When I watched Dead Mans Shoes and Saw I realised that you can see how some directors, writers, actors, etc have planned creatively to make a film that gives them an opportunity to showcase their talent within a realistic set/schedule, etc. The best shorts used a small cast and/or one set which would require very little shooting. Yes, some films clearly had money behind them but not all of them. Fetch had money - yet we only saw one room, 5 actors during the same 10 mins. The animation ones are more difficult to navigate as they ahve alot more work involved but can be worked on consistently by the filmmakers. The Odds - one set, one very simple set (a basement!) for that matter and two actors. Nothing more. X-Returns and Harvest were trying to be feature-length films condensed into 10 and 22 mins respectively. A great experience and i fully recommend hunting down my top 3 from the selection: The Odds, The One Last Time and Fetch.
Monday, 12 October 2009
I watched The Godfather trilogy at 15. I watched Apocalypse Now at Uni when it was very late and it was the redux' and I fell asleep and had to watch it again the following day. I had not seen this, but remember a conversation (ooo, a pun considering...) with friends Chris and Wes whereby the two followed a discussion about The Godfather by saying that Rumble Fish was brilliant. Embarressed, I never even knew such a film I kept my eyes peeled for it - always finding it in obscure shops like Music and Movies costing £10 plus ... a ridiculous ... until, as I was making my way for a till in HMV I found it for £3. I could now watch this 'brilliant' film and, in the future, take part in such conversations about Francis Ford Coppola. Then again, I haven't seen Jack so maybe I have a long way to go yet ...
What I reckon ...
It does look stunning - thats for sure. Its shot in inspired-by-Fellini-and-Bergman black and white. Then again, looks like and arty-version of West Side Story with a man-on-man fight to begin also. The obvious link is also Bogdanovichs' The Last Picture Show - a teenage story, shot in black and white. Made in 1971. This whole style reeks of influences moreso - a film-noir look enhanced with Lawrence Fishburne as this friend who dresses like a detective, thin-tie included, furthering this film-noir style as he walks along with his friends in alleys and leaving smokey silhouettes in the backdrop.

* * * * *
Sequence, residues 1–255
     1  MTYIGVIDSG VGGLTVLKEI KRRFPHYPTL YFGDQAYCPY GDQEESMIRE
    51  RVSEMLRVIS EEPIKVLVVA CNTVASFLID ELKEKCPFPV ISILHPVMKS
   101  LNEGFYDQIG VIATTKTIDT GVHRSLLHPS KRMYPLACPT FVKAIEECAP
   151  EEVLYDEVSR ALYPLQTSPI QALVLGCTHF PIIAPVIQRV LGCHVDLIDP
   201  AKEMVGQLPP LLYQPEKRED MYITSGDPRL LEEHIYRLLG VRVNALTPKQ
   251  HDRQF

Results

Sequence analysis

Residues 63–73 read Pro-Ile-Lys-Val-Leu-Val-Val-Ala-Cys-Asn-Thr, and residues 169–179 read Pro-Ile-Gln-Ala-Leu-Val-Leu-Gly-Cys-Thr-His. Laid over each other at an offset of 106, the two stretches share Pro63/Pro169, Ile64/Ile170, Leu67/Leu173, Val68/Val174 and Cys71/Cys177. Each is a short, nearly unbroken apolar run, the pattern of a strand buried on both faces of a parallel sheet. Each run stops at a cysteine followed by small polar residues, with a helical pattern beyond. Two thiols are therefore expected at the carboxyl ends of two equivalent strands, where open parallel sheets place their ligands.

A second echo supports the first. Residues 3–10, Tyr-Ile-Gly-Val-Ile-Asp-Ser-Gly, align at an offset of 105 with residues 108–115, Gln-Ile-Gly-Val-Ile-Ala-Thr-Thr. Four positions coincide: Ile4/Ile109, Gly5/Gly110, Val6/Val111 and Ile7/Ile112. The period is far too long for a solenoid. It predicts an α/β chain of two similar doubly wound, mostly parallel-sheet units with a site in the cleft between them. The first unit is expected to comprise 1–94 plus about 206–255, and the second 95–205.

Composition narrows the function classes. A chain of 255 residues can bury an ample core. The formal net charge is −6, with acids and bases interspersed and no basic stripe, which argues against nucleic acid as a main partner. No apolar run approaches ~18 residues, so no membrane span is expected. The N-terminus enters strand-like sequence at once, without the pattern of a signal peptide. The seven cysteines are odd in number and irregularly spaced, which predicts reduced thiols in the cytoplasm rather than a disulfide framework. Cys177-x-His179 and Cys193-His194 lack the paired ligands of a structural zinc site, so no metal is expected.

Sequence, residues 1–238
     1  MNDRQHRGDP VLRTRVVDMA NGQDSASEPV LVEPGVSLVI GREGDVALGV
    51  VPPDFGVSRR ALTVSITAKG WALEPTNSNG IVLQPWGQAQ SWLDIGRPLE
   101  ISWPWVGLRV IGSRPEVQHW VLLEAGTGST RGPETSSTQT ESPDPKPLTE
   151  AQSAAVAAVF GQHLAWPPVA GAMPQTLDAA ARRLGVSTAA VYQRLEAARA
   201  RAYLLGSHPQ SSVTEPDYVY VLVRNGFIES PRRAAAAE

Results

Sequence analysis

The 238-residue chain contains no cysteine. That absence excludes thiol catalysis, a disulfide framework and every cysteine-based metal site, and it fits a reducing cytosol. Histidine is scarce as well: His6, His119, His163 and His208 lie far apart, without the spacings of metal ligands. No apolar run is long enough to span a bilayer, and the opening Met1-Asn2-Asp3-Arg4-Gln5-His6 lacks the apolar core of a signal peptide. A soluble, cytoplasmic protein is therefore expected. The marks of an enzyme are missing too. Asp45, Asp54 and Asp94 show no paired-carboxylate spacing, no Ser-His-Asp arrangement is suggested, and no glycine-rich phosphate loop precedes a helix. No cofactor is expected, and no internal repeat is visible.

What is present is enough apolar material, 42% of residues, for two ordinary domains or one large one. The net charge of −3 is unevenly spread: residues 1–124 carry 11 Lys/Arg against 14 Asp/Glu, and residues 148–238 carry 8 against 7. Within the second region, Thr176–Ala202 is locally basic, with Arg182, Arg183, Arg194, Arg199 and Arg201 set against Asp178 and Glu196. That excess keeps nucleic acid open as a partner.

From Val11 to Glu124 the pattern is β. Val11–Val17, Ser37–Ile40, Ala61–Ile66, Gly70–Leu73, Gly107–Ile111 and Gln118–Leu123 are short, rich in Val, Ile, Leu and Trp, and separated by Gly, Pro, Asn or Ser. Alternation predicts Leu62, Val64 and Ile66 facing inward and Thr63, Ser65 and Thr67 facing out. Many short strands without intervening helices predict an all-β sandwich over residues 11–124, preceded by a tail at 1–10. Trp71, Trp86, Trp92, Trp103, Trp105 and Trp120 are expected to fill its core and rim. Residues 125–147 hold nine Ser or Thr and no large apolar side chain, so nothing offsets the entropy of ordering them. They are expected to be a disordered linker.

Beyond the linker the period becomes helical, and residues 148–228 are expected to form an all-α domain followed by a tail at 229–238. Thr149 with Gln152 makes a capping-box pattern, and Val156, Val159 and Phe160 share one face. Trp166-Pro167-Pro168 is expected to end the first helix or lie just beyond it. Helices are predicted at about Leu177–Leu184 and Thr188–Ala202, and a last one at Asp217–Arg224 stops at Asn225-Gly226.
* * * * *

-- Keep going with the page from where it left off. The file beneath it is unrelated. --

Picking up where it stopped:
The story follows Rusty James (Matt Dillon) a not-so-clever, but popular character. In the same way I watched Toy Story and profiled Sid, Rusty James is influenced easily and is not the quickest of cats - maybe indicating SEN (Special Educational Needs). He looks up to his brother - the Motorcycle Boy (Mickey Rourke who looks alot like a young Bruce Willis) - a menace to society, we are led to believe. Thing is, we only see the policeman who despises him and the difficult upbringing the boys have had under their father, played by Dennis Hopper, a single parent who is an alcoholic. Wea re told of the 'stories' The Motocycle Boy knows of, but are now entirely shown his menace. Until we see him at the end as a character who is not just a menace - but mentally unstable.
The Motorcycle Boy is quite a tragic character. He is colourblind and is, bit-by-bit, destroying himself and ultimately does - but luckily does not destroy his brother.
I'm glad I have seen this and this is surely one of those films which too often gets unnoticed - Coppola makes some great films and this is ambitious enough to give a watch but, then again, it does at points drag. Looks too good to be seen as realism when the story itself has a connection to the audience that realism could have captured so well. Its based on the book by S.E. Hinton - an author I have read nothing of, but Coppola is a big fan of. To close, I think if films like Rumble Fish were more prevalent in cinema than the likes of the latest teen-rom-com than maybe cinema would be a better place.
Some great factors include a character Smokey, played by Nicholas Cage. This character is smart and provides a clear contrast to Dillons Rusty-James - you see how careless, clumsy and immature Rusty really is, while Smokey has more intelligence and is clearly mores street-smart than Rusty too.
Last point - Stuart Copeland provides the music and, funnily enough, I have got into The Police. Stuart Copeland is the drummer and, when you listen to a fair bit of The Police you realise how impressive that is. Copeland has also created the music for the stage adaptation of Ben-Hur (A show recently on in London's O2) and, I assume this was in the early days of soundtracks he created. So much percussion and business adds to the atmosphere and provides an incredible backdrop for The Motorcycle Boy and his brother Rusty.
Sunday, 11 October 2009
"This week Jo and Simon talk about 3D films and the latest releases - with a specific focus on Pixar and Disney. Films discussed are Toy Story and Up in 3D and Zombieland amongst brief discourse on the back-catalogue of Pixar studios."
That's the description ... enjoy!
Thursday, 8 October 2009
Sunday, 4 October 2009
"The latest films discussed by your London-based film reviewers. Specifically focussing on Ricky Gervais and Matthew Robinson's 'The Invention of Lying' and Lars von Trier's 'Antichrist'."
That's the description ... enjoy!